The picture’s a bit uneven, and I yearned for a satire that was a bit more provocative. This is all about warm fuzzies and a few laughs. For a film that is getting such Oscar buzz, it’s a rather moderate affair.
And for such an inventive premise for a coming-of-age story by Waititi, I was just expecting more. Instead, he played it much too safe.
3 stars out of 5.
The day of the screening in San Diego, I opted to make the two hour drive to the screening in L.A., since Taika Waitiki was going to be there, with the two young stars of the film. I had planned on gushing over how brilliant he was. Wilderpeople and Shadows…both were among my favorites when they were released. I had so many things I wanted to talk with him about regarding those movies.
When the screening let out and we were led to an area with wine and cheeses, I saw him standing by himself. I was the first person to approach him, and I brought up the last thing I loved in Jojo Rabbit; playing the Arthur Lee song “Everybody’s Gotta Live.” I told him how much I loved the band Love, and how cool it was to hear that song. I said, “Yeah, Heroes is great, but a few movies have used that. I rarely hear Arthur Lee.”
He smiled and said, “I’ve wanted to use that song in the movie for years. I just kept hoping nobody else would use it before this got made.”
I told him that the few times I saw them in concert, he’d play Everybody’s Gotta Live, and in the middle, he’d throw in a few verses from Lennon’s Instant Karma and the crowd would go nuts. Waitiki then talked about a version of the song he heard done acoustically and how much he loved it.
As we talked about music for a few minutes, I noticed a few other critics in the crowd were standing nearby, looking like they wanted to talk with him. And having once been at a film festival where a critic wouldn’t stop bugging Warren Beatty to let me get a word in…I merely thanked him for the great movies, and told him I’d talk to him later. I threw in the fact that when the San Diego Film Critics Society voted What We Do In The Shadows as “best original screenplay” he tweeted out that he didn’t know who we are, but we were great. He laughed and corrected me on what the tweet actually said, saying “I added that you guys must be a really smart group.”
It was cool that he remembered that, as that was five years ago, and he’s done a friggin’ Marvel movie since then. Our Film Critics group was thrilled when that tweet went out, as we were still voting for some of the other categories for that year.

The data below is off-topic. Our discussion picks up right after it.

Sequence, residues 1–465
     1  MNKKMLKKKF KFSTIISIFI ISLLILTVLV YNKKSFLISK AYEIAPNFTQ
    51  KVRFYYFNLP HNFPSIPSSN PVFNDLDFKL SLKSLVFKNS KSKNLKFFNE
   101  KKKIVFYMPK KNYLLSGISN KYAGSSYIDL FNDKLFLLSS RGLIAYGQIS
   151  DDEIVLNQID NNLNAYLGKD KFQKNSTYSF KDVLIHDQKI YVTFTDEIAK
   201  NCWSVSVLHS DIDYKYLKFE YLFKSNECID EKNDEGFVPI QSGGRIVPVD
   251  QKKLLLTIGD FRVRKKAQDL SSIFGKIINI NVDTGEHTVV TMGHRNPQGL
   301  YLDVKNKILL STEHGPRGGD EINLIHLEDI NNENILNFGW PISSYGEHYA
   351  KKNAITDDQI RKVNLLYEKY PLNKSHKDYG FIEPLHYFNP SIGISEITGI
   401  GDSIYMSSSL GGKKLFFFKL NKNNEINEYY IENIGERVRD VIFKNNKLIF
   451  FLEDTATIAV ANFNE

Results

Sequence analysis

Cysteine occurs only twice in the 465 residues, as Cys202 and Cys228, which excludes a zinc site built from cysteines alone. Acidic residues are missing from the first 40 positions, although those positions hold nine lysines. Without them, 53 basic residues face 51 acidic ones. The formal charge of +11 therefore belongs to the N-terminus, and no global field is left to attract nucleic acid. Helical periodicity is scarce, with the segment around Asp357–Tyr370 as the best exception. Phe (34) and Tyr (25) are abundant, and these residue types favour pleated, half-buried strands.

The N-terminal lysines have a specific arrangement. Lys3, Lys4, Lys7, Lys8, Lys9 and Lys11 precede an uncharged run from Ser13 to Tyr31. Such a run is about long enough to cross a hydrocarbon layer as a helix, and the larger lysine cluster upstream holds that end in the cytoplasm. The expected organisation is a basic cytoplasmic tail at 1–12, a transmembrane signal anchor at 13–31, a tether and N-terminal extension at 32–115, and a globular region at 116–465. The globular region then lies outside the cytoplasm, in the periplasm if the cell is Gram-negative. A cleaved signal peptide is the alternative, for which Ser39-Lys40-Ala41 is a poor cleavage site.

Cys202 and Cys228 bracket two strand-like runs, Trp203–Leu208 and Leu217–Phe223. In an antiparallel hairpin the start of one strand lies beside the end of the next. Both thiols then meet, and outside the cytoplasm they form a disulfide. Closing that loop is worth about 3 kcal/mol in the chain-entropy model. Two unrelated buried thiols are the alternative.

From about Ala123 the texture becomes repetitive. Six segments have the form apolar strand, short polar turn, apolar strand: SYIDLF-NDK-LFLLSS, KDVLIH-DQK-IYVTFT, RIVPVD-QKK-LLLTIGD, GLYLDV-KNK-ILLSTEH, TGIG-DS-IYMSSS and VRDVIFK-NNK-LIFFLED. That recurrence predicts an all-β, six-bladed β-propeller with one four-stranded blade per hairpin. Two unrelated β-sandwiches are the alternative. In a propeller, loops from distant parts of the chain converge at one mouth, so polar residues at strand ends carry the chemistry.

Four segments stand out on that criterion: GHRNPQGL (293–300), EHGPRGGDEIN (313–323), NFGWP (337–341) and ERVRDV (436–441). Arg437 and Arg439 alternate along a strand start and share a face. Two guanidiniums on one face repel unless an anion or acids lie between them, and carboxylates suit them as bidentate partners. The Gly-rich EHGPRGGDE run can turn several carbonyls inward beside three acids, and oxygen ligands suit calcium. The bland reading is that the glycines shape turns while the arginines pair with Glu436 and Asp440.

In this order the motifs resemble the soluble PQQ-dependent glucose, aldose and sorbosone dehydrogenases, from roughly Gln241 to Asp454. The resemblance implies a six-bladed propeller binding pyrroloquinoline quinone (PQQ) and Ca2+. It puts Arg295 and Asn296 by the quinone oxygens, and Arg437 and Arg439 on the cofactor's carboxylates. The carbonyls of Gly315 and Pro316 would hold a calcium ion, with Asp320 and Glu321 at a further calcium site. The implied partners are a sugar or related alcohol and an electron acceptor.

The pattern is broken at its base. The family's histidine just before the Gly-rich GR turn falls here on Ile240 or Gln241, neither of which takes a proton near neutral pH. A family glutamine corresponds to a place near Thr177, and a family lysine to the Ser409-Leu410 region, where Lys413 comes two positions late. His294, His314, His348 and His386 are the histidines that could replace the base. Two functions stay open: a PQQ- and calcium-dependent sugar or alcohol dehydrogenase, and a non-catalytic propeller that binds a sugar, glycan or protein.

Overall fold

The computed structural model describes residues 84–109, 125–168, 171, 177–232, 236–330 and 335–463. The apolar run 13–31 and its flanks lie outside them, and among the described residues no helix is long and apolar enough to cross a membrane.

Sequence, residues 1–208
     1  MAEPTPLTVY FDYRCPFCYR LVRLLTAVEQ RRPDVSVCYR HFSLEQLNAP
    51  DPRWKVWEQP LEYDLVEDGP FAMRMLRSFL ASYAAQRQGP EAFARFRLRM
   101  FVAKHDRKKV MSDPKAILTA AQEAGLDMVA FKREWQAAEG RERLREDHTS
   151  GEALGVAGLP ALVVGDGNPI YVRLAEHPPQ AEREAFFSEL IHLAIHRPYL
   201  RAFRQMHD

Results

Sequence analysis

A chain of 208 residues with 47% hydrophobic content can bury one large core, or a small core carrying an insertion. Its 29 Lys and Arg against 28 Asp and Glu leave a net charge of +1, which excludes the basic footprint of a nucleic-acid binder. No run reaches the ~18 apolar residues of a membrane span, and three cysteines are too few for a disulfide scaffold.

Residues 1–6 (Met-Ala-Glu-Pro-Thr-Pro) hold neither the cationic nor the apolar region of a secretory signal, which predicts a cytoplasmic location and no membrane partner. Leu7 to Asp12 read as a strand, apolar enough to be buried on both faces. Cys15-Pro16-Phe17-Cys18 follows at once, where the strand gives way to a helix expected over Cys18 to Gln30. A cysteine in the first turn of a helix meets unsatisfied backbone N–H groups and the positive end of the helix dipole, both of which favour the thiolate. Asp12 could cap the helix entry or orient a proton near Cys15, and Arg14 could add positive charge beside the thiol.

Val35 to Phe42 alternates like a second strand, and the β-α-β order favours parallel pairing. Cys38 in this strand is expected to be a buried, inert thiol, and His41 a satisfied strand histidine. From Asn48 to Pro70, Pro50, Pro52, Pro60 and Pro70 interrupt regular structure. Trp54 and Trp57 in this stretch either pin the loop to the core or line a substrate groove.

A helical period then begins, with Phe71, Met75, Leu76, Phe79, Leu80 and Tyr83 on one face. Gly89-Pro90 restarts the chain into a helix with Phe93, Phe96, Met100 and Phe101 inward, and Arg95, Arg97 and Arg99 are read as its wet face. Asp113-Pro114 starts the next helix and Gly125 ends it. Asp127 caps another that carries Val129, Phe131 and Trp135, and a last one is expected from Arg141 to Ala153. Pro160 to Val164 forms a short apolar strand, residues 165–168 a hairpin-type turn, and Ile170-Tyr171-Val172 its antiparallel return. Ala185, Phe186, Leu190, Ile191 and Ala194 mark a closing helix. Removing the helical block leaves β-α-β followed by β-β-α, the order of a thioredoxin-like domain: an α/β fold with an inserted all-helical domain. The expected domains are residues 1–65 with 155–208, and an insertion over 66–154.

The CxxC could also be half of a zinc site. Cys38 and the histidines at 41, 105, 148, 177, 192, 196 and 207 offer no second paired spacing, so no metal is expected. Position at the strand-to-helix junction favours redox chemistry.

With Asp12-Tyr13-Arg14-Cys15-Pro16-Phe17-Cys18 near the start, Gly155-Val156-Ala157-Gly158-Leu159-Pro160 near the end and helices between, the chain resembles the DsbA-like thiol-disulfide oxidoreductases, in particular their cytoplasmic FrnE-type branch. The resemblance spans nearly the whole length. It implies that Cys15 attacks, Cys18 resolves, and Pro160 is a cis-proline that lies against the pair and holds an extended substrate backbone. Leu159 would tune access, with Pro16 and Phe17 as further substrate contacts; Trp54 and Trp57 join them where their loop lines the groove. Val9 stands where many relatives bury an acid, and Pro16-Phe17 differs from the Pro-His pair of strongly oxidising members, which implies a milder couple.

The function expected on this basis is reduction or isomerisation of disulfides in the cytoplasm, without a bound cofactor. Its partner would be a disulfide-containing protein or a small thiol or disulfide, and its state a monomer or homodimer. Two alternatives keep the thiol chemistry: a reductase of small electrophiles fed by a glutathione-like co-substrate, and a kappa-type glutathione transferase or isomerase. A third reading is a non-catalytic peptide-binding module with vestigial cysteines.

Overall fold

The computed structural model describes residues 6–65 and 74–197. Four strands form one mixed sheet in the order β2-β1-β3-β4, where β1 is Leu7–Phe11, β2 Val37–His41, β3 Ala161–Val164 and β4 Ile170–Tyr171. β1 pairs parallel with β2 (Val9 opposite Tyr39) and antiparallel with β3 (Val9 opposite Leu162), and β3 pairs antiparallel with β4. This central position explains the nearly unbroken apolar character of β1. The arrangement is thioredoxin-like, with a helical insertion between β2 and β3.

As I devoured some meats and cheeses, a woman came over to me and said, “Would you like to meet Roman Griffin Davis?”
I put down my cheese, wiped off my hand, and shook his tiny hand. I said, “You were amazing in that film! I can’t remember a younger actor moving me as much since Jacob Tremblay in Room.”
He beamed a big smile and said, “Thank you.” After a brief pause he jokingly said, “I should get an Oscar, huh?”
I laughed and as I started to say something he said, “I’m just joking. I didn’t really mean that.”
I asked if it was hard to cry on set, and if he thinks of something sad that happened in his life to channel that. He replied, “No. I tried that and it didn’t really work. So, I just kind of got into the story, and thought about what was happening in that and it helped me get emotional.”
He talked about how he’s been acting for two years and how he went on so many auditions and got nowhere. I told him, “Well, you’re going to be going somewhere now. This performance is going to get you recognized by everyone.”
I then noticed Thomasin McKenzie standing behind me. She looked so much younger in person. My wife told her we liked her performance in Leave No Trace. As great as she was in that, I didn’t care for the movie (we left that part out). I did say, “What frustrated me so much about Leave No Trace is…your dad (Ben Foster) just didn’t realize what would be best for you growing up. It got hard to watch.”
She replied, “That’s the point. He had been through so much and was suffering.”
I interrupted to say, “I know, I get that. He had PTSD and everything.”
She talked more about the movie, and when I asked about filming Jojo Rabbit she said, “Filming in Berlin was tough, because they only let kids film for three hours a day.” She told me they did some of the filming in other places, but I forgot where she said they went.
I ended up at a table with some other L.A. critics. I was giving Scott Mantz a hard time for liking Gemini Man. I said, “It was because he wore a Phillies cap, wasn’t it?” He laughed and said, “Ya know what? I asked him [Will Smith] if he added that, and he told me it was already in the script.”
Leonard Maltin came over to say hi, and we talked about being on a critics’ panel together at the Coronado Film Festival a few years ago (he’ll be back there hosting festivities again in a few weeks).
I asked Mrs. Maltin, who is Jewish, if anything about Jojo Rabbit offended her. She said, “No. I loved it. Nobody got upset when they made fun of Hitler in The Producers and nobody should be upset by this.”